Review | Yourself and Yours | 2016
|Yu Junsang, Lee Youyoung, and Kwon Haehyo in Yourself and Yours. |
Courtesy of Cinema Guild.
Originally released in 2016 but only now finding its way to the United States, Hong Sangsoo's Yourself and Yours takes the filmmaker's fascination with fractured storylines and reshapes it to focus on characters rather than events. The film centers around a painter named Youngsoo (Kim Joo-hyuk) who becomes jealous after hearing that his girlfriend, Minjung (Lee Yoo-young), was seen out having drinks with another man. They break up, but when one of Youngsoo's friends confronts her later in a restaurant, the young woman claims not to be Minjung at all, but her twin sister.
Hong never focuses on the mystery - whether or not Minjung has a twin or if it's actually her all along isn't really the point (although it should be noted that the mysterious twin sister is never given a name), what interests him instead is how the ambiguity around her character affects how she is perceived by the audience. Since we don't know who she is at any given moment (or if she is even two different people at all), we begin to focus on how she is responding to events.
Rather than a fractured, elliptical narrative, Yourself and Yours hinges on a fractured, elliptical character; a woman struggling to overcome addiction and alcoholism, who is trying desperately to become a better person. In essence she really is two different people, and Hong deftly explores her attempts to reconcile her past with the future she wants to create. It's one of Hong's most lovingly nuanced works, a film filled with longing and regret that finds great beauty in the in-between moments, the lingering glances and subtle changes in expression that exist between the deceptively mundane dialogue and jaunty score.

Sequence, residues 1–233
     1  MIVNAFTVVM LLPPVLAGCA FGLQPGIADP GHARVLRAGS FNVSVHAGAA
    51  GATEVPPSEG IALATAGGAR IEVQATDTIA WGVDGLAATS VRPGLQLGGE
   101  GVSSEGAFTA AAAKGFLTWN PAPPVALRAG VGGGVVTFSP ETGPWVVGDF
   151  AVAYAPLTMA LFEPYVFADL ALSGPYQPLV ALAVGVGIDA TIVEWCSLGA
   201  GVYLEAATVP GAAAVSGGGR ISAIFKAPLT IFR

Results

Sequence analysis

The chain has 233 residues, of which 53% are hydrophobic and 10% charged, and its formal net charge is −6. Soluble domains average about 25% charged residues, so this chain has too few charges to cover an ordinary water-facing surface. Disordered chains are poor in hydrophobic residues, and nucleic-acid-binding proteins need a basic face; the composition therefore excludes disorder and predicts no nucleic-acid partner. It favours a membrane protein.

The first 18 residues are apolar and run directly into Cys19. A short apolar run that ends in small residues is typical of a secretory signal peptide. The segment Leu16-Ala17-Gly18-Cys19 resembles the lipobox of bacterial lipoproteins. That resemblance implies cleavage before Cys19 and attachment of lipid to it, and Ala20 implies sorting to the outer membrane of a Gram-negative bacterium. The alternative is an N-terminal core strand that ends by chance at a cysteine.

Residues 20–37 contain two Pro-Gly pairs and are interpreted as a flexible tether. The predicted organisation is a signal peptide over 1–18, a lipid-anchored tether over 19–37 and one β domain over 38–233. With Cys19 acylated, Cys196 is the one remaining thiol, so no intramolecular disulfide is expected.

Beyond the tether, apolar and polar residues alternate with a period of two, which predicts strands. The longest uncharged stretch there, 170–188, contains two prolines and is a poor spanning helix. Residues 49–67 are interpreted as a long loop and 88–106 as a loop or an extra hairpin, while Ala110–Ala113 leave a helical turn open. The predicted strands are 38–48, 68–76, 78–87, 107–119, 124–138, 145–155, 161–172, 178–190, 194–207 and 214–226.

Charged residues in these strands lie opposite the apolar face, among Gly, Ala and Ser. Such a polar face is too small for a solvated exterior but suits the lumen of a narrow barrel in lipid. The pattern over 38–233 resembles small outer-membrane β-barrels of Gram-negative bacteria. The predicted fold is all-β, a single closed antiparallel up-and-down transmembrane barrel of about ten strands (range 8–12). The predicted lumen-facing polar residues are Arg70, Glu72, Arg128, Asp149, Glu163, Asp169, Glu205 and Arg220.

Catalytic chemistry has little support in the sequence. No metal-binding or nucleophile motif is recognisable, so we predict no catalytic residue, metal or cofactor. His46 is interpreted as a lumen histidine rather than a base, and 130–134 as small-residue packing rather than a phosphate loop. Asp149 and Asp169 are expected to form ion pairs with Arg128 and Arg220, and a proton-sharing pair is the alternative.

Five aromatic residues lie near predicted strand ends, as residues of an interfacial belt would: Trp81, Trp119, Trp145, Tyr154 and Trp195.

Coming on the heels of Right Now, Wrong Then (2015), Yourself and Yours finds Hong in a transitional period, when the filmmaker was grappling with a very public divorce following his affair with actress Kim Minhee during the filming of Right Now, Wrong Then (an event that would greatly inform his next three films - On the Beach at Night Alone, Claire's Camera, and The Day After). There's something deeply wistful about the way in which it deals with being in a relationship with someone you no longer feel like you know - almost as if they're a completely different person. Yet Hong consistently refuses to tip the scales in favor of either Youngsoo or Minjung, instead striving for a palpable sense of empathy for both characters, each attempting to reconcile their own newfound sense of uncertainty with something akin to grace.